The United Arab Emirates’ highest Islamic authority, the UAE Fatwa Council, has ruled that coronavirus vaccines are permissible for Muslims even if they contain pork gelatin.
The ruling follows growing alarm that the use of pork gelatin, a common vaccine ingredient, may hamper vaccination among Muslims who consider the consumption of pork products “haram,” or forbidden under Islamic law.
If there are no alternatives, Council Chairman Sheikh Abdallah bin Bayyah said that the coronavirus vaccines would not be subject to Islam’s restrictions on pork because of the higher need to “protect the human body.”
The council added that in this case, the pork gelatin is considered medicine, not food, with multiple vaccines already shown to be effective against a highly contagious virus that “poses a risk to the entire society.
In a similar instance, the Vatican told Roman Catholics on Monday that it was morally acceptable to use COVID-19 vaccines even if their production employed cell lines drawn from tissues of aborted foetuses.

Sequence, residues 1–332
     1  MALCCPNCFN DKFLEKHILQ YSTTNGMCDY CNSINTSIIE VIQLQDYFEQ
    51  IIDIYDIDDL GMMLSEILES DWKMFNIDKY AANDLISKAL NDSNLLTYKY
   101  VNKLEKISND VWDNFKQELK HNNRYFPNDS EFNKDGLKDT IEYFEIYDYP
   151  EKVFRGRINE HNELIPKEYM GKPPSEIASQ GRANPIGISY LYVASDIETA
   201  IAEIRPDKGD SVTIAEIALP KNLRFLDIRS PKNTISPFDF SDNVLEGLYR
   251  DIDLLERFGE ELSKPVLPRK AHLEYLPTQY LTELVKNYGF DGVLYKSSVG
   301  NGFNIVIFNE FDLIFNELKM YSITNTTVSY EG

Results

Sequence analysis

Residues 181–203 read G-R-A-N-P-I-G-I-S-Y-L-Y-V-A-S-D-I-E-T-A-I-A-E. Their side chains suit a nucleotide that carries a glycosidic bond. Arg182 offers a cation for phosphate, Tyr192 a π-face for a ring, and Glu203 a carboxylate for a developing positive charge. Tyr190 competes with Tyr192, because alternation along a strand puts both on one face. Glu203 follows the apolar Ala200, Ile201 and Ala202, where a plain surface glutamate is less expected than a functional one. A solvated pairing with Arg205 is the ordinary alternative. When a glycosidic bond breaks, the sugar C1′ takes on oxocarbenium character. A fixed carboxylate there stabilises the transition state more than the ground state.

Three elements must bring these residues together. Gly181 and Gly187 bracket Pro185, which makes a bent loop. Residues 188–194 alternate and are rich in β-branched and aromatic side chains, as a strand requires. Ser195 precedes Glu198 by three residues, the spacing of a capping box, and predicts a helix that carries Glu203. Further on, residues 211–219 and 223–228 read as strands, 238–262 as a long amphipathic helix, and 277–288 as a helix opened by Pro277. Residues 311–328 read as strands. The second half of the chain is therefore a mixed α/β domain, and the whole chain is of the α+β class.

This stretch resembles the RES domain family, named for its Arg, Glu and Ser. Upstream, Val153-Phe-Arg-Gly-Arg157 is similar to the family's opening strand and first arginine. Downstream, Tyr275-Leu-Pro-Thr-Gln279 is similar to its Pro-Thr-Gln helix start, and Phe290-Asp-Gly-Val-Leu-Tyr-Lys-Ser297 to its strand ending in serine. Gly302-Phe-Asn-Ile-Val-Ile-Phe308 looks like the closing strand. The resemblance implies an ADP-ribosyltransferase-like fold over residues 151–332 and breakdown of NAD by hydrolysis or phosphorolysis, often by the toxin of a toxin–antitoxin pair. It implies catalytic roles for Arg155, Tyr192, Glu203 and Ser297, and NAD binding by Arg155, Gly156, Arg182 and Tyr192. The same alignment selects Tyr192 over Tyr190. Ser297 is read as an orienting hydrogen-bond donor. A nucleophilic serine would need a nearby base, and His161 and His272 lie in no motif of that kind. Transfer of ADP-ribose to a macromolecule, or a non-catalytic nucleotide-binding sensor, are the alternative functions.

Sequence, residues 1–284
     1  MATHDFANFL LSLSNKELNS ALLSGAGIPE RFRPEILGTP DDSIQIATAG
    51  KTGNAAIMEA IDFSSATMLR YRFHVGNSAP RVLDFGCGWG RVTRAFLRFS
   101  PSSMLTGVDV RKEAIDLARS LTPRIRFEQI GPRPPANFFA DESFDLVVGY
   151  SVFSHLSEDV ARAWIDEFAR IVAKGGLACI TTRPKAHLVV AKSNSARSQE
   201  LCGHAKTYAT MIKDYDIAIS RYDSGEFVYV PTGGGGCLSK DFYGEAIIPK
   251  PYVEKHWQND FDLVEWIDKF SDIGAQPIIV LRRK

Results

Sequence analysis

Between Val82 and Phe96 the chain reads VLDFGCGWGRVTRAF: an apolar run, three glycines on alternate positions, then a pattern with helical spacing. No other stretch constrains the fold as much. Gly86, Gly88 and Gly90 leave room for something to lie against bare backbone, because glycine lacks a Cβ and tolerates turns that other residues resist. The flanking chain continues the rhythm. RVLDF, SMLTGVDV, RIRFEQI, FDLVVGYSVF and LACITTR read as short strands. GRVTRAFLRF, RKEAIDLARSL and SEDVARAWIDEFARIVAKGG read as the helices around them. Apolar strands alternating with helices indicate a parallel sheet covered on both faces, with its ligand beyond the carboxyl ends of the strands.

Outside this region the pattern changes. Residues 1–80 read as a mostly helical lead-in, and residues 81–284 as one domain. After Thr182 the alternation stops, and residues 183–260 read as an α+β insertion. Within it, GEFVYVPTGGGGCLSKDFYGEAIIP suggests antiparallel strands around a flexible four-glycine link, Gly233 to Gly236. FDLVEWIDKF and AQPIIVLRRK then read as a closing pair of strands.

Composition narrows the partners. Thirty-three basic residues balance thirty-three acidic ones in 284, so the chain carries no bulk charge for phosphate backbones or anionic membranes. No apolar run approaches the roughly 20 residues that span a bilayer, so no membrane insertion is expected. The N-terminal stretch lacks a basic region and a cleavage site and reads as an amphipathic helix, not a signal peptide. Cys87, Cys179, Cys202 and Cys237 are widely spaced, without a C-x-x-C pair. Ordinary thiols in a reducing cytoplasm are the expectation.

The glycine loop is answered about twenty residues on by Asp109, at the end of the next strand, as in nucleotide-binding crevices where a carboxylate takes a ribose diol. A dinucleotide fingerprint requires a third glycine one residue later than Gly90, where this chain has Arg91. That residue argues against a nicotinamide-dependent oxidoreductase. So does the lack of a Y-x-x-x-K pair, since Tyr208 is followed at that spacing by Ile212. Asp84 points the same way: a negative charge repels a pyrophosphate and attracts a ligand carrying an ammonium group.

A note from the Vatican's doctrinal congregation, the Congregation for the Doctrine of the Faith, said the use of such vaccines was permitted as long as there were no alternatives.
Both the Pfizer Inc and Moderna Inc vaccines have some connection to cell lines that originated with tissue from abortions in the last century, according to the U.S. Conference of Catholic Bishops (USCCB), which issued a separate note to American Catholics last week.
The Vatican note said the granting of moral legitimacy was related to the principle "differing degrees of responsibility of cooperation in evil."
This meant that because the pandemic is such a grave danger, such vaccines "can be used in good conscience with the certain knowledge that (it) does not constitute formal cooperation with the abortion from which the cells used in production of the vaccines derive," the note said.
In the absence of safe vaccines made from other sources, "it is morally acceptable to receive Covid-19 vaccines that have used cell lines from aborted fetuses in their research and production process."
The American bishops said the vaccines employed cell lines drawn from tissue obtained from two abortions that took place in the 1960s and 1970s and that often have been replicated since.
The Vatican note said use of such vaccines "does not in itself constitute a legitimation, even indirect, of the practice of abortion".
It urged the pharmaceutical industry to develop completely ethical vaccines and governments and international organisations to make them accessible to poorer nations.
The Vatican note said that while the use of vaccines was voluntary, "the common good may recommend vaccination, especially to protect the weakest and most exposed".
(With AP and Reuters inputs)